At the intersection between technology and ethics are two practical topics explored on this site: (1) How new technologies are regulated and litigated, and (2) how new technology changes the practice of law. The news is full of speculation about reproductive technologies, artificial intelligence, self-driving cars, privacy and encryption, and an assortment of other cutting-edge research that may change the way we think about rights and crimes.
If you researched David McCormick, or know me personally, you’ll know that I have been a stage combat choreographer for about 15 years. I also teach a martial art called Bartitsu, the fighting style of Sherlock Holmes. (See sidebar)
However, I’m pursuing a career change to an avenue of inquiry I’ve been interested in for years: the rapid pace of technological advancement and its impact on our culture. I’m particularly interested in the intersection between artificial intelligence and ethics. This field is called Machine Ethics.
There are many questions to consider, among them:
- What regulations should be in place for self-driving (autonomous) vehicles and how will insurance claims proceed?
- How can one prove that an algorithm discriminated against an individual leading to a Charter violation?
- Will automation soon cause mass technological unemployment, and should we reconsider the foundations of our economy?
- Should autonomous drones (not remote-controlled ones) be permitted to kill humans in a war? What is the moral difference between a heat-seeking missile or a depth charge at sea and a robot who can positively discern an enemy vehicle?
- If software generates a piece of writing or art, does it really make sense that the programmer hold the copyright over the end product?
- Can an algorithm replace a lawyer or judge? Is that a worthwhile goal?
- What is the threshold for an artificial intelligence or robot to have any rights?
I’m not an artificial intelligence programmer, though I continue to learn as much as I can. Many experts who speak out about the dangers or implications of A.I. are embroiled in the computer science and software, and can see where their work may lead.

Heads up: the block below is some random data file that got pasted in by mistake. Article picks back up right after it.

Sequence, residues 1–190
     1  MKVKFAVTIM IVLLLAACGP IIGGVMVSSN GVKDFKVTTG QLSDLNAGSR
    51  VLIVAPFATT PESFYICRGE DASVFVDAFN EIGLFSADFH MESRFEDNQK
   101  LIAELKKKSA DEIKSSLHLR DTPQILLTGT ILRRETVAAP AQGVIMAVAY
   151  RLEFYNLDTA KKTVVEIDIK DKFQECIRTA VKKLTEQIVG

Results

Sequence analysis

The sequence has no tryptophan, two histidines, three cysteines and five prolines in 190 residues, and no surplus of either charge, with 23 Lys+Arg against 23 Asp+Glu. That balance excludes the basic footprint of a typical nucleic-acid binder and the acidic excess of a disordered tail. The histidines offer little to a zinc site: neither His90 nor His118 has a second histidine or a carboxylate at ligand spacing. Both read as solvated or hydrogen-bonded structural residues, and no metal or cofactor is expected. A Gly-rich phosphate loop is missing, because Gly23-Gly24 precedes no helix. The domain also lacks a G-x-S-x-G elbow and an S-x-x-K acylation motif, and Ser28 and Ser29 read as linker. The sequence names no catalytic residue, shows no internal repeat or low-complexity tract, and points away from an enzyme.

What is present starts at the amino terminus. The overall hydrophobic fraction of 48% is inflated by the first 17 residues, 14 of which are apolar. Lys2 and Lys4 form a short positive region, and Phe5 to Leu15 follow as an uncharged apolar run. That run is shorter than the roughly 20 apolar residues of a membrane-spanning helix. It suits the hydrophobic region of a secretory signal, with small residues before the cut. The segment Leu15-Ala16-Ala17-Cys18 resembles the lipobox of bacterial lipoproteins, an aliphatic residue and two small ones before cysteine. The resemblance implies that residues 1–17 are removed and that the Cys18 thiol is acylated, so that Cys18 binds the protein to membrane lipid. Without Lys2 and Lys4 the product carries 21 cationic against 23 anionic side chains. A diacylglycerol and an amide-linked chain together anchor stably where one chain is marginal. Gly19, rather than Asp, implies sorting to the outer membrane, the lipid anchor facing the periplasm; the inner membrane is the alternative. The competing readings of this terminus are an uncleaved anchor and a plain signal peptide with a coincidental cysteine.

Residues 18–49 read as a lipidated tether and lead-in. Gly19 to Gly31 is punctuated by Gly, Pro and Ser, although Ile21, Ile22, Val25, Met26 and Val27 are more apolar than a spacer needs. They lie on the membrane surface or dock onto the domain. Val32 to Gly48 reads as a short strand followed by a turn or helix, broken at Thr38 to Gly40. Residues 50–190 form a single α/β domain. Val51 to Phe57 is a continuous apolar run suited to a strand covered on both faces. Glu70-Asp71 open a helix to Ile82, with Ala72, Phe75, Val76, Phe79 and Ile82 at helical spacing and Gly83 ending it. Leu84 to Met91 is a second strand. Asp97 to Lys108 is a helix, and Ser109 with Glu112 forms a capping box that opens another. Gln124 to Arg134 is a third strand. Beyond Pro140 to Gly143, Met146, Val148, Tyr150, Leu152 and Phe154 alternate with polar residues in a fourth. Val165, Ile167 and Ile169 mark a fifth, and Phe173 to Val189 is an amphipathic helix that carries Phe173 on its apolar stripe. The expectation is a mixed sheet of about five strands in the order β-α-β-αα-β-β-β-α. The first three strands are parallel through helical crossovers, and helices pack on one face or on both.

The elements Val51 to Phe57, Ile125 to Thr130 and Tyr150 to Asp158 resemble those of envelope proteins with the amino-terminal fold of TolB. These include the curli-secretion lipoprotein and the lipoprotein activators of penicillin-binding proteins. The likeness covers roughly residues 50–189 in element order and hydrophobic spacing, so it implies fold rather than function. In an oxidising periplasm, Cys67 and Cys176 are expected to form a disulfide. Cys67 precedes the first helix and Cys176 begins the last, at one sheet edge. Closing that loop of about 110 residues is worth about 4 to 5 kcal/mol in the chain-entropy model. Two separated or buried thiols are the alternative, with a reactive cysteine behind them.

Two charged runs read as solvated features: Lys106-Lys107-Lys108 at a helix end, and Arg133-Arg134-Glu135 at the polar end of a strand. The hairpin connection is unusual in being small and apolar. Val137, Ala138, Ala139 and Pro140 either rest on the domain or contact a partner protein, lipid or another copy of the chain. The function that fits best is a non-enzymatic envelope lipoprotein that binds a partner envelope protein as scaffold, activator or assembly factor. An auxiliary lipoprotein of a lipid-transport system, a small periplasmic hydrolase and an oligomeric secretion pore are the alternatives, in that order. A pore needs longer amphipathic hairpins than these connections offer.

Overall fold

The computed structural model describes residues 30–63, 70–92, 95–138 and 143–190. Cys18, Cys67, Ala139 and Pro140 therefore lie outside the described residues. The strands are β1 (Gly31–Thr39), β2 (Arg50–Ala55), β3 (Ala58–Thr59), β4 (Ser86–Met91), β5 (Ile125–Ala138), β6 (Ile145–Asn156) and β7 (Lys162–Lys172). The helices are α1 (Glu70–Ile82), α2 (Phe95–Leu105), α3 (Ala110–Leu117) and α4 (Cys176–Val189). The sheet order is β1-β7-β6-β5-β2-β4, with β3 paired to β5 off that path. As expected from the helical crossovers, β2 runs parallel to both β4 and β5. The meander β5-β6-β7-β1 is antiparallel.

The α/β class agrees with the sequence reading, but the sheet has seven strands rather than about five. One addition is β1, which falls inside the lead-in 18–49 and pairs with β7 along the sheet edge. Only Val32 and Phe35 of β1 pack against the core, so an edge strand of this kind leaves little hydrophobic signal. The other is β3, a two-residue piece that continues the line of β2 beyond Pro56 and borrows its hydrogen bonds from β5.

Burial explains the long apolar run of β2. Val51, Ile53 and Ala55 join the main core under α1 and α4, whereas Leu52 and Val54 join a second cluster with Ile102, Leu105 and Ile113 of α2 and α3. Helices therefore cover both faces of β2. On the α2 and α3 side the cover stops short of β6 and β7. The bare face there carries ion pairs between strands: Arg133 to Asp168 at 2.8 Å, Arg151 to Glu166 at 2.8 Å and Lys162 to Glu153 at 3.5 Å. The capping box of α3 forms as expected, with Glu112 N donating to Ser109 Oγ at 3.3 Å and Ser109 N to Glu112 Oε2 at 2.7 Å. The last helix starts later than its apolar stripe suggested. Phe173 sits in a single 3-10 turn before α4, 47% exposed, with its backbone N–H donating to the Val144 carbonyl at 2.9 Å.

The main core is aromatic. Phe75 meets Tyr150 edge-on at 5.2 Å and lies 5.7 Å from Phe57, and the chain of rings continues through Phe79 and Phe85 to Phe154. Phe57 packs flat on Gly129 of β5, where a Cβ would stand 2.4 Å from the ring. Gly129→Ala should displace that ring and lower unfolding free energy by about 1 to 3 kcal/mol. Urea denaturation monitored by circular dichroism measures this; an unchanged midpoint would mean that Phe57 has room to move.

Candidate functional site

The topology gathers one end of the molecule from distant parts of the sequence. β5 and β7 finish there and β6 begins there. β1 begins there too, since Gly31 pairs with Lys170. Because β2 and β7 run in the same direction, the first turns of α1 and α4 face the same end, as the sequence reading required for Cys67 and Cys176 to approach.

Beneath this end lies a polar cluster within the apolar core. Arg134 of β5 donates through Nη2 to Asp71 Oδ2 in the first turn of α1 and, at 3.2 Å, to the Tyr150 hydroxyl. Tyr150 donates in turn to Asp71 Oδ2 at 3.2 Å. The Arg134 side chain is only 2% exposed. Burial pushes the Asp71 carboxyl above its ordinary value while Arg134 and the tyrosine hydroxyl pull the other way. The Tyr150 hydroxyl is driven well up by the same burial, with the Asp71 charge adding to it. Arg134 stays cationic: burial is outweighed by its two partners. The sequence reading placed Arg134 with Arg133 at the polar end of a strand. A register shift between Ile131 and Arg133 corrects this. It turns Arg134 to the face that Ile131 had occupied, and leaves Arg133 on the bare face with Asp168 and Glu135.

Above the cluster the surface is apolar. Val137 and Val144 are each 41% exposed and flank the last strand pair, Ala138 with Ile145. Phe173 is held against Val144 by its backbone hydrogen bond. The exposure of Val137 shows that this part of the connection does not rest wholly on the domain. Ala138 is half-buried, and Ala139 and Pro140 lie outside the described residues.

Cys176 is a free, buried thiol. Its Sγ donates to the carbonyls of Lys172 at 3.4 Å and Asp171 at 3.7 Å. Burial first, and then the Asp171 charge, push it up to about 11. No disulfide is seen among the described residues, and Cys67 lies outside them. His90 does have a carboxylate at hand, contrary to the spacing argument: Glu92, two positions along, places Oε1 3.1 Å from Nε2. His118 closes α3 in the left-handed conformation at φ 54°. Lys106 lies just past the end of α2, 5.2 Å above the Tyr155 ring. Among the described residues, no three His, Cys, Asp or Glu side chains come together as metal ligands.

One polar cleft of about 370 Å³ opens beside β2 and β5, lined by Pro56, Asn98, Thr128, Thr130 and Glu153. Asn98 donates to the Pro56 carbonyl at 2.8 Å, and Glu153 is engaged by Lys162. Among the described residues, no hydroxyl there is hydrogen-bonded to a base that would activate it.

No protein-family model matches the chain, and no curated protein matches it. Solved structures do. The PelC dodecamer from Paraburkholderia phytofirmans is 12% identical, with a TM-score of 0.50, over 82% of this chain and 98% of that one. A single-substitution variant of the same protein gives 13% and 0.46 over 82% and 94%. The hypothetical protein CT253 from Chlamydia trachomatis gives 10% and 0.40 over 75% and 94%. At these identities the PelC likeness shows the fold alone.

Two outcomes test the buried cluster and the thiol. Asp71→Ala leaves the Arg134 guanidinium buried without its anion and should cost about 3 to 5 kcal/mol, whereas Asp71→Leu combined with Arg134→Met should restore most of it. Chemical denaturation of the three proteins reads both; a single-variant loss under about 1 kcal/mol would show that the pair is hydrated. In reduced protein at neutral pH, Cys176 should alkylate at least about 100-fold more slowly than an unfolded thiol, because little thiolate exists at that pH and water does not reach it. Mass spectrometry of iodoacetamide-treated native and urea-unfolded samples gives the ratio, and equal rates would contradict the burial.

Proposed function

I am currently approaching the issues from the opposite side, by beginning with a Paralegal certification and working with the laws and regulations that will either permit or restrain companies and individuals who create disruptive technologies.
Other disruptive technologies that I cover in this blog include:
- Biotechnology: editing one’s own genes, selecting the genes of one’s children, ownership of biological samples, patenting life forms, artificial life;
- Internet law, privacy and encryption: government surveillance, Freedom of Information, cyberbullying and online threats, online defamation;
- Private and commercial use of remote-controlled drones, including drone racing: regulated airspace, regulation of pilots, destroying a drone as an act of terrorism, drones operating out of line of sight (VR operation);
- Many other unforseen developments in technology may influence our moral intuitions and our laws.
I’ve decided to start this blog to reply to news stories that interest me and try my hand at solving some of these contemporary issues.